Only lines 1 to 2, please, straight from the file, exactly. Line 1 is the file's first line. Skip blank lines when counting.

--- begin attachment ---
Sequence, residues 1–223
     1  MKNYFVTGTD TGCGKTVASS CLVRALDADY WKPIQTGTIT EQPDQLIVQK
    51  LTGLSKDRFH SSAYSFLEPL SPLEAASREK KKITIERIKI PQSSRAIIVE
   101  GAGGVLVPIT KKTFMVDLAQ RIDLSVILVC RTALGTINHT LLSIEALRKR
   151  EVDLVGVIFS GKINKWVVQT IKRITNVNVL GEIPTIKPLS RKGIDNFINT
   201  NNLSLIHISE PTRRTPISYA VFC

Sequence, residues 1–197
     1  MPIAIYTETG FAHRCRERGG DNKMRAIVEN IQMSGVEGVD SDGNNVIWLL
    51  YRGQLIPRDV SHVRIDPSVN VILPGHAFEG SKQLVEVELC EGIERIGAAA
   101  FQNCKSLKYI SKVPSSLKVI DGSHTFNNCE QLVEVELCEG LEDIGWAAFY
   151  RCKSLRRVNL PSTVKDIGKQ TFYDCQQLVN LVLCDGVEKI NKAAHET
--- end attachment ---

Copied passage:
Sequence, residues 1–223
     1  MKNYFVTGTD TGCGKTVASS CLVRALDADY WKPIQTGTIT EQPDQLIVQK